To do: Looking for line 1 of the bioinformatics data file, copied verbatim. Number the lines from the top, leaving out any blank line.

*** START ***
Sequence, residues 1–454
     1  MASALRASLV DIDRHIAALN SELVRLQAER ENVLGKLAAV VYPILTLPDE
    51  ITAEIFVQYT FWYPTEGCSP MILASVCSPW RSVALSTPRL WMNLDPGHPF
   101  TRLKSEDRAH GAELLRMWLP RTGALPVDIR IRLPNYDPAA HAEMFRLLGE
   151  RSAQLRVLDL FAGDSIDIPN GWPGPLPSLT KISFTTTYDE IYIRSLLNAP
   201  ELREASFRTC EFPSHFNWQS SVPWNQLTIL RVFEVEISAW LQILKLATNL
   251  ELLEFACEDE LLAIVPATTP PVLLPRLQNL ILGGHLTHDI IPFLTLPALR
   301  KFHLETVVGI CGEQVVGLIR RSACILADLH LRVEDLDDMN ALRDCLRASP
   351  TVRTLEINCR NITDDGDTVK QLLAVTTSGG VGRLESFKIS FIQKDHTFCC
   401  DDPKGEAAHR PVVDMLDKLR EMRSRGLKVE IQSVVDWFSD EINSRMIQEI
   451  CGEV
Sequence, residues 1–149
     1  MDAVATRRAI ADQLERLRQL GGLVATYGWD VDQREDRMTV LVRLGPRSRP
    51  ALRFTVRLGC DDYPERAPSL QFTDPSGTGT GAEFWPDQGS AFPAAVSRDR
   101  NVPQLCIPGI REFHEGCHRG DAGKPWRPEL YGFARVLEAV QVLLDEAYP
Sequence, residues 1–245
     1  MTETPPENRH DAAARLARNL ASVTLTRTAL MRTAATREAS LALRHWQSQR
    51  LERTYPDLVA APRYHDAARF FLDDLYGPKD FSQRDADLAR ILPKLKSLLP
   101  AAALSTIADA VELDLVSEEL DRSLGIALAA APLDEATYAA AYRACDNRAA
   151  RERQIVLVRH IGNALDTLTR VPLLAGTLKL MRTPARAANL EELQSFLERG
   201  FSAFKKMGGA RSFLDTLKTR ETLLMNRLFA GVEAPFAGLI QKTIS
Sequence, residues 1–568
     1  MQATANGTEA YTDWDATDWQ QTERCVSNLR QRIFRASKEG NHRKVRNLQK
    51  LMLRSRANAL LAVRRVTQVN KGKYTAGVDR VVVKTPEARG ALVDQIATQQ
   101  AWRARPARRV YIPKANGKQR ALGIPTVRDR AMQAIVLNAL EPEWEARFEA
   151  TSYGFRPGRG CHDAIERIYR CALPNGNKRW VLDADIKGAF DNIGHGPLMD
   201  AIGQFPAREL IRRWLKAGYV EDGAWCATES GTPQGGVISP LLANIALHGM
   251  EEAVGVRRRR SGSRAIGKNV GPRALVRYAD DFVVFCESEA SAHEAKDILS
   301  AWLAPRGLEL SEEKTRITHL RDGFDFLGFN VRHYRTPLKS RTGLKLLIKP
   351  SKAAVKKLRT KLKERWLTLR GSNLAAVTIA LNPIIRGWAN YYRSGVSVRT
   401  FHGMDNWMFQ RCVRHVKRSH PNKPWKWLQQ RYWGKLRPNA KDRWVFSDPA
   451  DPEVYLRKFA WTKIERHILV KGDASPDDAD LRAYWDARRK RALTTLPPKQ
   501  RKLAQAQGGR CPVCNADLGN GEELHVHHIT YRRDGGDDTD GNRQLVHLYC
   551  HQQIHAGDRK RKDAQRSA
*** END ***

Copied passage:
Sequence, residues 1–454